Goodarzi said it's a culture that stresses the importance of "falling in love with trends and where things are going and the customer problem" and not being enamored with your existing products. Another principle, he said, is "never to fear disrupting yourself."

"A lot of the dialogues we have internally is, 'Well, if we launch X, Y and Z, we're gonna cannibalize our revenue.' Well, if we don't do it, somebody else will," he said.

One example was Intuit's decision to offer a free version of TurboTax at a time when it was being made available to low-income Americans. "That was a $100 million decision," Goodarzi said, "because in essence the discussion was, 'Well, we're going to disrupt and cannibalize our own offerings if we just make it free for our large segment of customers.' What we talked about was, 'Let's fall in love with what matters most: the simple filers. Because by delivering a great experience, over time as their life situations change, we can grow with them and over time we can deliver other benefits beyond taxes.'"

But Intuit also found itself in hot water over free tax filing. In 2019, Intuit was hit with a class-action lawsuit which accused the company of duping some low-income consumers into paying for what should be a free service. The company had settled the lawsuit but the $40 million settlement was rejected by a federal court in December.

"Although the court has declined to approve this settlement, Intuit will continue to be clear and fair with our customers and continue delivering for them," the company said in a statement.

Asked about the legal action, Goodarzi said, "I think the facts speak for themselves. We have 70 million customers over the last six years that have absolutely paid nothing doing their taxes. That's larger than the entire industry combined. So I will tell you that the controversy was more from the perspective of a political angle versus facts and reality."

The pain of the customer

The mantra of "fall in love with the customer problem" has also been proven correct by failure on Intuit's part, too.

One example involved what he acknowledged was one of Intuit's biggest blunders: a mistake that paved the way to success for another fintech pioneer, Square.

"You know, we created the payments dongle before Square," Goodarzi said, referring to the mobile payments giant. "That's an example where we fell in love with the customer problem, and actually had the dongle before Square. But we were very slow to move. We just really moved at a snail's pace. Then came Square, and look where they are today."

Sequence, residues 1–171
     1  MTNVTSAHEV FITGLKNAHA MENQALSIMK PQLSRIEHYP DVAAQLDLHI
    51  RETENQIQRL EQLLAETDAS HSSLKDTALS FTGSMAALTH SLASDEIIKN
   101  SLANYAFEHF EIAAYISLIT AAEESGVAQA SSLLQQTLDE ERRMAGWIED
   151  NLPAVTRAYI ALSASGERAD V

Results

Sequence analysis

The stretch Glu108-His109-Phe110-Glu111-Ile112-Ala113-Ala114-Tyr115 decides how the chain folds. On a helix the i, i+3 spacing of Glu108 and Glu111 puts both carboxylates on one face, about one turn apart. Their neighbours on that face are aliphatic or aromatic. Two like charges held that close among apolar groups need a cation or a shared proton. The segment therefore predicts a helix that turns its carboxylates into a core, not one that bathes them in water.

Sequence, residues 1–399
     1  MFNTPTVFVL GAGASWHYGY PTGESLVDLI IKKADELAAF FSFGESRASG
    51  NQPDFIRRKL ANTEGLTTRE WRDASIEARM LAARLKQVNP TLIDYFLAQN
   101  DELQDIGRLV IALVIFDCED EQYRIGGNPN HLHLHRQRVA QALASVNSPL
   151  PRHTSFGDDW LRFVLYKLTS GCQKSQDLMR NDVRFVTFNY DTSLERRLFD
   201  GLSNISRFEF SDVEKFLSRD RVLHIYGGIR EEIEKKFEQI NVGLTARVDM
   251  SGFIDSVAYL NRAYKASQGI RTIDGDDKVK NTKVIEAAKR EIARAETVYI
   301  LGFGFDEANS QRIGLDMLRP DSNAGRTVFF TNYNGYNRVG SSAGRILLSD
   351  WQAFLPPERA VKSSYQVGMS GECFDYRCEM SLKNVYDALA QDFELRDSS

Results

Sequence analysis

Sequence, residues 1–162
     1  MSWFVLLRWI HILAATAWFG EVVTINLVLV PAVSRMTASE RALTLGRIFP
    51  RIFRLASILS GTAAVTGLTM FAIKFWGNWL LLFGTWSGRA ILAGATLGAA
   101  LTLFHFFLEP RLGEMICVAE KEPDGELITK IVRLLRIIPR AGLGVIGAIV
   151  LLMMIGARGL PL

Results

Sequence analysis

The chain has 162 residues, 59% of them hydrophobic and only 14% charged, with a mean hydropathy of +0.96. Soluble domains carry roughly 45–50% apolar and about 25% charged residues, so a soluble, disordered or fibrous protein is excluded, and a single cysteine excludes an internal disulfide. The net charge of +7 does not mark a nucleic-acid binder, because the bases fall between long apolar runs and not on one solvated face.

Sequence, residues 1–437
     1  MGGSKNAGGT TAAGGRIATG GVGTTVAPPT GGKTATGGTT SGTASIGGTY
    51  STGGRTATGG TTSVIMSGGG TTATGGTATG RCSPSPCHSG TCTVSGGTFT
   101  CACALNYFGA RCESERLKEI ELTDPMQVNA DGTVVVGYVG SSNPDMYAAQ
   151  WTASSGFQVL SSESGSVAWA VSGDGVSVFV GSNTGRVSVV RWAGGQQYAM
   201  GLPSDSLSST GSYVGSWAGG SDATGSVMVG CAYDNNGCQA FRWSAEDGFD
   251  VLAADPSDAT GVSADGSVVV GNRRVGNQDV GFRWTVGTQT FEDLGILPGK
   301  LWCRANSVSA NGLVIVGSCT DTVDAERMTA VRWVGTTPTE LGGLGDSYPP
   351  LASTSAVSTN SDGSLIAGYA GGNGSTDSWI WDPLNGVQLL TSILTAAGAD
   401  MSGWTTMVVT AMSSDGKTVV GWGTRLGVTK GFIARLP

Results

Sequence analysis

That was a perfect example, he said, that you must "have the courage to disrupt yourself."

Having courage in the face of disruption was something Goodarzi learned early in life. He moved to the U.S. as a child with his mother in 1978, in order to join his two older brothers who were already in America. His parents had decided that he too should go to school in America, while his father remained in Iran, where he was a real estate investor.

But then came two major events. The Islamic Revolution erupted and Goodarzi's father died unexpectedly. "I went back [to Iran in 1979], just to visit his grave, and I got stuck because the revolution was just starting and barely was able to get out of the country," he said. He and his mother and brothers settled into their new life near Orlando, Florida.

It wasn't easy. Goodarzi recalls "days of being bullied every day because Iran took hostages. I was being told to go back home. I didn't belong here." On the other hand, he also grappled with "the fear of being sent back home."

"We lost everything because the government took everybody's money," he said. "We literally went from my dad sending checks to my brothers to pay for their schooling, [then] all of a sudden, everything stopped."

One of his older brothers got an engineering degree but couldn't get a job. He struggled to start a business with an initial investment of $5,000, and went on to become a wholesaler who imports Middle Eastern food products that are then sold to Middle Eastern-oriented stores across the U.S.

For Goodarzi, it was an early education on the struggles of small business owners, and even foreshadowed the role he's in today.

"When you first start out your business, you barely make ends meet," he said. "So these customer pain points are real for me. They're meaningful for me. They're not just something I say as a CEO of a company on how we can drive growth. I've experienced the pain."